Tengwende says that Mugabe and his wife Grace are ‘heartless’ to be splashing money around overseas, while people at home are dying of starvation; Chibahwe says it’s clear the purpose of the GNU is to allow Mugabe to use the MDC to get overseas investment back and to have smart sanctions lifted, then Chihoni believes that ZANU PF has something up their sleeves, that’s why they agreed to the GNU. He criticises the MDC for going along with the agreement without consulting the people.

HotSeat 200209

Violet’s guest on the Hot Seat is political commentator Professor Brian Raftopoulos, with his analysis of the inclusive government. Given the confusion over the swearing in of the cabinet on Friday and the arrest of Roy Bennett, does Mugabe really want the power sharing government to work? How should the new Prime Minister respond to these challenges? And given the degradation of the economy, what can this transitional government realistically achieve.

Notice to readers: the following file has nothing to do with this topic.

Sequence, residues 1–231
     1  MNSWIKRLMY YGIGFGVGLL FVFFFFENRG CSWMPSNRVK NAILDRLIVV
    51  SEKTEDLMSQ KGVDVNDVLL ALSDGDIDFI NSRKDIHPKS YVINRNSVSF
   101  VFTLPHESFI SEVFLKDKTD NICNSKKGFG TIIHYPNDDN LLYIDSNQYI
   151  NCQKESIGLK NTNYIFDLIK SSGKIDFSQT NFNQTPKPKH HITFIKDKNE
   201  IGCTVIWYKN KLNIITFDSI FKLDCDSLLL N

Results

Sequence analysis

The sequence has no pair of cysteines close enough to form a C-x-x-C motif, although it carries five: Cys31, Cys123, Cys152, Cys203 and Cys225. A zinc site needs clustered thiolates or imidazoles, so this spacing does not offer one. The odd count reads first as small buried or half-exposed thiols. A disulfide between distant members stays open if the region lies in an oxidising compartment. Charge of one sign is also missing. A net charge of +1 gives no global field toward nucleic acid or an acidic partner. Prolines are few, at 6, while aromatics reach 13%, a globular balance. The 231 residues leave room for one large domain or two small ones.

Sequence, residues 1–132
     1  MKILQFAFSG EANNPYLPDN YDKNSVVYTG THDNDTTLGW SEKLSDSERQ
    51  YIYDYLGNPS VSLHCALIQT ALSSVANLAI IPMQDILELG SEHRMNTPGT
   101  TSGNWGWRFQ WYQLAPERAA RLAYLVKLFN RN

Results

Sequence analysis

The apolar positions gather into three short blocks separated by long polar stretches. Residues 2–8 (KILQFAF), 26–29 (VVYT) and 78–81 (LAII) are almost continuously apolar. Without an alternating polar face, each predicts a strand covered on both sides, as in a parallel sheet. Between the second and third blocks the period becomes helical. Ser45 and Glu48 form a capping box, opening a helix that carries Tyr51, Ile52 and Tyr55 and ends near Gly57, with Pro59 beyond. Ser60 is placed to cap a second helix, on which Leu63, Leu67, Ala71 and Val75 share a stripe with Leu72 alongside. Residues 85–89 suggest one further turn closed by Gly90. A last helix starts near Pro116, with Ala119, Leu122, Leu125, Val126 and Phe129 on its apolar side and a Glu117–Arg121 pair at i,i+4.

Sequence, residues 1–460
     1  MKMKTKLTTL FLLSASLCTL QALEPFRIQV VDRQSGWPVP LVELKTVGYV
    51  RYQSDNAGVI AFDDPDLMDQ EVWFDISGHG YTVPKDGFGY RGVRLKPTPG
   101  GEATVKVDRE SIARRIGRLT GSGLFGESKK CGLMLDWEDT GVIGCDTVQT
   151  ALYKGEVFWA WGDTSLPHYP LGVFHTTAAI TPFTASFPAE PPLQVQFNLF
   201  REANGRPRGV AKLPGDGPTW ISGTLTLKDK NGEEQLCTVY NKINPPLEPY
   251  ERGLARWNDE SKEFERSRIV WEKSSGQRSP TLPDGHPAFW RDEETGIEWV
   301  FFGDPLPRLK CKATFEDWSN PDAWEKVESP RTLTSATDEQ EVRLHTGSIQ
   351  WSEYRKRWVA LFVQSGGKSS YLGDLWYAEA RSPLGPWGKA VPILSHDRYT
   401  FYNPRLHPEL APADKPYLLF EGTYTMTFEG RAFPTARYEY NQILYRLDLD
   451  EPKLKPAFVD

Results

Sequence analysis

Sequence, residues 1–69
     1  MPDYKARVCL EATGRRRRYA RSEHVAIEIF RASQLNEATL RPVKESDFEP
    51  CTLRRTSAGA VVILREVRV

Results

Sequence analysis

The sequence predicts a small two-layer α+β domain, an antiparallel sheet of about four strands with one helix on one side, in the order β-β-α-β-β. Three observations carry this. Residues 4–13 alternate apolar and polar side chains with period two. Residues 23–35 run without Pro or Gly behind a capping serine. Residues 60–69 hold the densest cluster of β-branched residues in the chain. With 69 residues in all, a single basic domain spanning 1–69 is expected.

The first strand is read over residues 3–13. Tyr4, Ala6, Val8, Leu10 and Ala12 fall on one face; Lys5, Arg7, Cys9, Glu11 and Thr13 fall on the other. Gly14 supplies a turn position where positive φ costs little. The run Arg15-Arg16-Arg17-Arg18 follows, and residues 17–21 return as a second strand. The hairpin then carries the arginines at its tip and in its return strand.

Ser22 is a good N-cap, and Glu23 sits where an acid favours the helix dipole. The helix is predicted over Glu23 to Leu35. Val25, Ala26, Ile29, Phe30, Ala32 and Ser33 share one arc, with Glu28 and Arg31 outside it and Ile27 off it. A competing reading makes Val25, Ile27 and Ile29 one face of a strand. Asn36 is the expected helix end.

Newsreel 200209

Freelance photojournalist and others further remanded in custody

Photojournalist Anderson Shadreck Manyere and six MDC activists accused of organising a series of bombings of police stations and railway lines, were further remanded in custody on Friday.

Their lawyer Alex Muchadehama said they had appeared for a routine remand hearing at the Magistrates’ court to be advised for a trial date, but the State failed to provide one. The defence lawyer said as usual the State is using delaying tactics, because “it has no evidence against the accused persons and have been providing just excuses.”